Alzheimer’s Association adds walk volunteers

From left to right, Traci Eddy, Angie Moretto, Bethany Brown, Carter Brown and Katy Sulfridge talk about volunteering in Jeremiah’s Coffee House Tuesday during the Alzheimer’s Association volunteer kick-off event for this year’s walk in Williamstown. (Photo by Janelle Patterson)

MARIETTA – Twenty new volunteers joined the ranks of this year’s local campaign to find a cure for Alzheimer’s Tuesday.

Raising more than $60,000 through an annual Walk to End Alzheimer’s at Tomlinson Park in Williamstown doesn’t just happen overnight, explained Katy Sulfridge, manager for the Mid-Ohio Valley and Northern Panhandle area of the national Alzheimer’s Association.

“The last couple of years we’ve had around 600 people actually participate in the walk, but the event takes many volunteers to put on, find sponsors, recruit teams and raise money,” she said Tuesday at the kick-off volunteer recruitment event held in Jeremiah’s Coffee House in Marietta. “We need individuals willing to chair committees and work the day of the event putting on different activities, and even if you can’t attend the walk itself, you can help.”

Angie Moretto, of Newport, said she was interested in volunteering this year because she has lost two family members to the disease.

“My grandmother and my father-in-law both passed away from Alzheimer’s,” she explained. “And you always hear about Relay for Life, but I’d not heard about a walk for Alzheimer’s until my friend told me. Now I want to help.”

The annual walk is scheduled for Sept. 21 this year and on Tuesday the two youngest volunteers of the effort were excited to share why the issue of Alzheimer’s and dementia is so important to them.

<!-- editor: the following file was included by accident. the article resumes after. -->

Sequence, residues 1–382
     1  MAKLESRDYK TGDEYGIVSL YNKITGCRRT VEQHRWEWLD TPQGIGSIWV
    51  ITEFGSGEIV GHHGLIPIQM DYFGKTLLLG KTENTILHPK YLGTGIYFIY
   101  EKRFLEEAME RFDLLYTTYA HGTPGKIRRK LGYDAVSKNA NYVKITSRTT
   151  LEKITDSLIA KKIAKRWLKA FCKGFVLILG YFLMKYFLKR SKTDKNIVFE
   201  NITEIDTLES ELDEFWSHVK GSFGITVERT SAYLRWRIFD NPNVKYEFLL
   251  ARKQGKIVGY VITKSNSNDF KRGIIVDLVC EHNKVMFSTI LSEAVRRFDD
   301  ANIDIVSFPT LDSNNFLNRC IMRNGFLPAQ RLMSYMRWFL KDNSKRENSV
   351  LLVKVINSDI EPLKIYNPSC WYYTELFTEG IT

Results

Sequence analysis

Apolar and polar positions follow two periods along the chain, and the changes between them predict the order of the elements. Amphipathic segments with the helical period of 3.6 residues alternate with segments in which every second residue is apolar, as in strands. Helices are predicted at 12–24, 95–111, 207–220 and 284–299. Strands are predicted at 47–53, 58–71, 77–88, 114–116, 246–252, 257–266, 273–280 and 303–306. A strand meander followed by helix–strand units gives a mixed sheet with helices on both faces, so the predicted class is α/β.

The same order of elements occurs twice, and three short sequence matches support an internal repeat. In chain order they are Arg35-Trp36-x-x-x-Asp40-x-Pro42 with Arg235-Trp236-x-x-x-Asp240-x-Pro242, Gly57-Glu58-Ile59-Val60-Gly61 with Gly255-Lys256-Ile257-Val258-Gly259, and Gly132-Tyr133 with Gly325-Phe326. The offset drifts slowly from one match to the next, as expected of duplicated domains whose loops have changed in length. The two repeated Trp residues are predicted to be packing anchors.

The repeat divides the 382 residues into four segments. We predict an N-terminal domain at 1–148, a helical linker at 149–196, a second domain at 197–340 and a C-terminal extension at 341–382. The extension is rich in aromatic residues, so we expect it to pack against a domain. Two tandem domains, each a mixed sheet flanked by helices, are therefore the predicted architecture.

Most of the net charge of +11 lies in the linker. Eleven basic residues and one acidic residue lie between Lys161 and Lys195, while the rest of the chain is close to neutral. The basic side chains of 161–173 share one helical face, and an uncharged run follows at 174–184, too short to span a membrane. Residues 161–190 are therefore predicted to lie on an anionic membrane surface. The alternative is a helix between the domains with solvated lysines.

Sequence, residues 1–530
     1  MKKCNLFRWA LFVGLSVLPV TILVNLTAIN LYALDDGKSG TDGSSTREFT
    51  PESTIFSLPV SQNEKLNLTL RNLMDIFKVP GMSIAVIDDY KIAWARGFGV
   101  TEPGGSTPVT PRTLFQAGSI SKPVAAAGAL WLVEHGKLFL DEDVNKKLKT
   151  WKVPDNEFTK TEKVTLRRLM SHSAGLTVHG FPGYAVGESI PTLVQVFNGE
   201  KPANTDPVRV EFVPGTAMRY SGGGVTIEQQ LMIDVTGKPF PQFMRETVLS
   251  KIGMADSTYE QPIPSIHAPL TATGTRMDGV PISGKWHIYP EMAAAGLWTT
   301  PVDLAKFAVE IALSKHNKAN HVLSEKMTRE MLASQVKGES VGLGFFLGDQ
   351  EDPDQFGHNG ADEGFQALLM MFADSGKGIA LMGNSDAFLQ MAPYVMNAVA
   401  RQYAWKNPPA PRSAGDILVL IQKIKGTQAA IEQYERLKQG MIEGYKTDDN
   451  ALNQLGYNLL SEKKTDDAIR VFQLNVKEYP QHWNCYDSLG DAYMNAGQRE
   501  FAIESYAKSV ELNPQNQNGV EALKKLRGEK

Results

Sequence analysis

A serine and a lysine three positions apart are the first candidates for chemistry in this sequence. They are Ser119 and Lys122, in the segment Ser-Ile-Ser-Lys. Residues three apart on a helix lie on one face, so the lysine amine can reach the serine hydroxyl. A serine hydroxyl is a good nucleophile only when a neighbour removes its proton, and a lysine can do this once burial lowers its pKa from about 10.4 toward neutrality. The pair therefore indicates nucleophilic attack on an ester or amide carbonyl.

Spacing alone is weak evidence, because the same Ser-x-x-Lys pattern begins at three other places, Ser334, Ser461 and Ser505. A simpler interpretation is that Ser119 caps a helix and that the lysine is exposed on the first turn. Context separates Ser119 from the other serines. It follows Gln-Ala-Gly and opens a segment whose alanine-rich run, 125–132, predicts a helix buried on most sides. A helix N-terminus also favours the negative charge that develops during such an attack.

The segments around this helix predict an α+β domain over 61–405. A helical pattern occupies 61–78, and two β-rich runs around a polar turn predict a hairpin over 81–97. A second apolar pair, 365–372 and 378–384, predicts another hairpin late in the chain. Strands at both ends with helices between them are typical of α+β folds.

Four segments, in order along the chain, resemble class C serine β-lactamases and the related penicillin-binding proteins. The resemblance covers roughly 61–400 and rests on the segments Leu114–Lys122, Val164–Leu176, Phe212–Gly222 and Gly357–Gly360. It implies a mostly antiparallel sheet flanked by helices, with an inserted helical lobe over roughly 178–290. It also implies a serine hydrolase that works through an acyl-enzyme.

“My grandpa has Alzheimer’s,” explained Coen Eddy, 13, of Marietta. “It’s a terrible disease I wouldn’t wish on anybody.”

Eddy said his memories of his grandfather predate the manifestation of the degenerative disease.

“We used to play cars all the time together, we had this special connection just the two of us,” he explained. “But he really started the downfall when I went to kindergarten… Now I have two younger cousins, and the 4-year-old always asks why grandpa can’t remember him.”

Carter Brown, 11, of Lower Salem, said the disease has affected his mother’s side of the family, so last year he took on coordinating and running the childrens’ activities at the September walk.

“We’re raising money to find a cure, and we can have fun doing it,” he said. “Last year we even did a kid ceremony at the walk.”

Eddy said this year he wants to focus on recruiting more members of his generation to invest in the issue and find a cure before they become grandparents.

“I want to get into all of the middle and high schools in Washington County and get activities and fundraisers going,” he said. “I know what it’s like to have a grandparent not remember you. I don’t want that still to be a thing when we’re grandparents.”

Sulfridge said the West Virginia Chapter is still accepting volunteers through its website: